Overconsumption (Overism) and pursuit of a simpler, happier life
There was a PBS series back in the 1990s called Affluenza. The program called attention to an epidemic plaguing Americans: overconsumption, excessive buying, and the resulting stress and anxiety of environmental decay (let’s call this overism for short). If you need a refresher (and a good chuckle), watch this one-minute video Escape from Affluenza.
Escape from Affluenza recommended 100 ways to simplify your life by reducing waste and clutter, saving money, conserving home energy, and many others you may have tried in the last 10 years. There was even a crash course called: 10 steps to a simpler life. I ignored the one about choosing not to have children (too late and I wouldn’t trade them in for anything) and focused on these:
- Live by the wartime slogan: “Use it up, wear it out, make do, or do without.”
- Try consuming less of everything by half (shampoo, detergent, toothpaste, etc.).
- Reuse or never buy things like paper towels, freezer bags, etc.
- Sell your TV and use your free time for “frugal endeavors” (like making a Facebook page for your cat).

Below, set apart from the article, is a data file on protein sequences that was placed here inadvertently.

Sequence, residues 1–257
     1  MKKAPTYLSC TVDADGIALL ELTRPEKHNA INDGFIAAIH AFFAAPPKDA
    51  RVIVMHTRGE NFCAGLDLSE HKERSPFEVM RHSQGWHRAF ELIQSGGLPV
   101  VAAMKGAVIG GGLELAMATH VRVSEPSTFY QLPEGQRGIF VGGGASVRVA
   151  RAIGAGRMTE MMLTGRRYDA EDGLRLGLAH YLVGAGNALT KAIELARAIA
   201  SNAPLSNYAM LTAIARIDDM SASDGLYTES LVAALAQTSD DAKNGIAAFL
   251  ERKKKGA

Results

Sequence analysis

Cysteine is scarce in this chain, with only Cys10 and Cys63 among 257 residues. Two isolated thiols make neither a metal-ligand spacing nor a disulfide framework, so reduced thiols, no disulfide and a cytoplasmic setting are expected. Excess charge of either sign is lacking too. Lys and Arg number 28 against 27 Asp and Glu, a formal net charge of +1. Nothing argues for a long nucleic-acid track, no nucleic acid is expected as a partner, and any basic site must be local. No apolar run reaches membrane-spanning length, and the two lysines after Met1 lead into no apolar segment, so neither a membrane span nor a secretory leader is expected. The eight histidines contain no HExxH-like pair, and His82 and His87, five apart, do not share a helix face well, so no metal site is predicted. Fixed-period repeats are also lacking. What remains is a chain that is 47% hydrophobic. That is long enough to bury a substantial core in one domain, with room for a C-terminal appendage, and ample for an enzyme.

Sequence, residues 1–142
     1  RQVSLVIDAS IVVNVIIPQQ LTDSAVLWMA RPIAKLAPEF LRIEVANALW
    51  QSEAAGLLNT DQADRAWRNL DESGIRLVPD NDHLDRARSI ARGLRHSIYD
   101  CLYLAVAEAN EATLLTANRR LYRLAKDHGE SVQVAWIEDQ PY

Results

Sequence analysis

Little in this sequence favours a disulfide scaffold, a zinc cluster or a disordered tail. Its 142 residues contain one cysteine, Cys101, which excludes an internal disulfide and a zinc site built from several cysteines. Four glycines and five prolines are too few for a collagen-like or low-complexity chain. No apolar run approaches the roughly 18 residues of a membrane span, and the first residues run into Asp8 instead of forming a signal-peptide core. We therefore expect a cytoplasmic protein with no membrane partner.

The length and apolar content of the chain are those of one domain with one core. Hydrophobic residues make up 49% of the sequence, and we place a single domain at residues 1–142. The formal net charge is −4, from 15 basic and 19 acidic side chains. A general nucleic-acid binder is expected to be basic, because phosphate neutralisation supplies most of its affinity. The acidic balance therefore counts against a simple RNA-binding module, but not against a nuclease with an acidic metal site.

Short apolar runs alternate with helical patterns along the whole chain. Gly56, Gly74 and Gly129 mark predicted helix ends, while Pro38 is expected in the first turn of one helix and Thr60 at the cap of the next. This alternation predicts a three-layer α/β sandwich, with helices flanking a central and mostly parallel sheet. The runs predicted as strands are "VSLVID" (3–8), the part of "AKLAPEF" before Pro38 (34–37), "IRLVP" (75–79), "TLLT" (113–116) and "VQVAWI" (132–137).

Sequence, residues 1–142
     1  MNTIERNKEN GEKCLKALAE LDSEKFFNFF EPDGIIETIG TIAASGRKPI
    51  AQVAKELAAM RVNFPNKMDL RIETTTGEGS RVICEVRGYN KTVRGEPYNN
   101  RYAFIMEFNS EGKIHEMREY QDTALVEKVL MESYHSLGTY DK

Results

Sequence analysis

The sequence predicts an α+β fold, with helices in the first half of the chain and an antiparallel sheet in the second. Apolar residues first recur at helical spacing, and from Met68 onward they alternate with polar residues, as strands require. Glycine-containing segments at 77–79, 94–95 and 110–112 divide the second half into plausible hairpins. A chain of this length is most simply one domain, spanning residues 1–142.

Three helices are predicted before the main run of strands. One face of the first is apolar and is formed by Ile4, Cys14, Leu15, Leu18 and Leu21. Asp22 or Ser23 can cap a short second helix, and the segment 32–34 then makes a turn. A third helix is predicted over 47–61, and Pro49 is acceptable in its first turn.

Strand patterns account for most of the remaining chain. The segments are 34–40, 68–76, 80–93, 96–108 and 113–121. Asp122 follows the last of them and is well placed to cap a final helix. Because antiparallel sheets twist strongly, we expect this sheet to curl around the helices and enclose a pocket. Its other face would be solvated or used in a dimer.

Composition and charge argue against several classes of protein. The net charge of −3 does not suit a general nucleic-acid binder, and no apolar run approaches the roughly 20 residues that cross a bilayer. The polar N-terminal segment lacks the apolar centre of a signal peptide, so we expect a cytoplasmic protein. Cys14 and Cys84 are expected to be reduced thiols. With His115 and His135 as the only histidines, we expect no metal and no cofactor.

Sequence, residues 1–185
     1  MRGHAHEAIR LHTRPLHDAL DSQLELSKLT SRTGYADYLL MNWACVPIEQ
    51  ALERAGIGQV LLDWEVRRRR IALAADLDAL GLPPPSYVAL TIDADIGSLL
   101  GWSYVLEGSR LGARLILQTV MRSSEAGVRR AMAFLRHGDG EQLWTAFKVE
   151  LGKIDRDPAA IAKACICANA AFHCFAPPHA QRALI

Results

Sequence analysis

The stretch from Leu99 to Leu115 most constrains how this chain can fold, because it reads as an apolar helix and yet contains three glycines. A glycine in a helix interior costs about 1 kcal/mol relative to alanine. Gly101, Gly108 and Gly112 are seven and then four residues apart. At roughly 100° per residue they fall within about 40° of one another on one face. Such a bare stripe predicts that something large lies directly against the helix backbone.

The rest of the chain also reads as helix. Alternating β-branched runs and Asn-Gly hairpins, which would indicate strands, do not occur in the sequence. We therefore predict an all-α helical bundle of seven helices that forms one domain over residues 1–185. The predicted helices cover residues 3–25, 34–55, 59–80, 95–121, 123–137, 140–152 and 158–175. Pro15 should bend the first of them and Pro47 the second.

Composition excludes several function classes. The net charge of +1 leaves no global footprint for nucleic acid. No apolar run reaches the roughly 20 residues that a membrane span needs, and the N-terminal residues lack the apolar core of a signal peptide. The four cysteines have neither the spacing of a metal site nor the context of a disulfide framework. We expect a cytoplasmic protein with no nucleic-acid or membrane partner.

- Share your resources and results with others you care about.
During the 1990s, and the decade leading up to the PBS Affluenza series, there was a growing movement called “voluntary simplicity.” Americans were questioning patterns leading to overconsumption (such as keeping up with the Joneses) while choosing to buy less and finding ways to share resources. There’s a blog called The Simplicity Collective informing us that voluntary simplicity is not about being in poverty. It’s about shifting our relationship with money and material possessions, and learning that abundance is a state of mind.
Overconsumption Equals Too Much Stuff
Fast-forward to when a short animated video called The Story of Stuff circulated (about 2007) and became a hit with some 10 million views. The 20-minute video was about Americans obsession with stuff leading to overconsumption, and how planned obsolescence is killing the planet.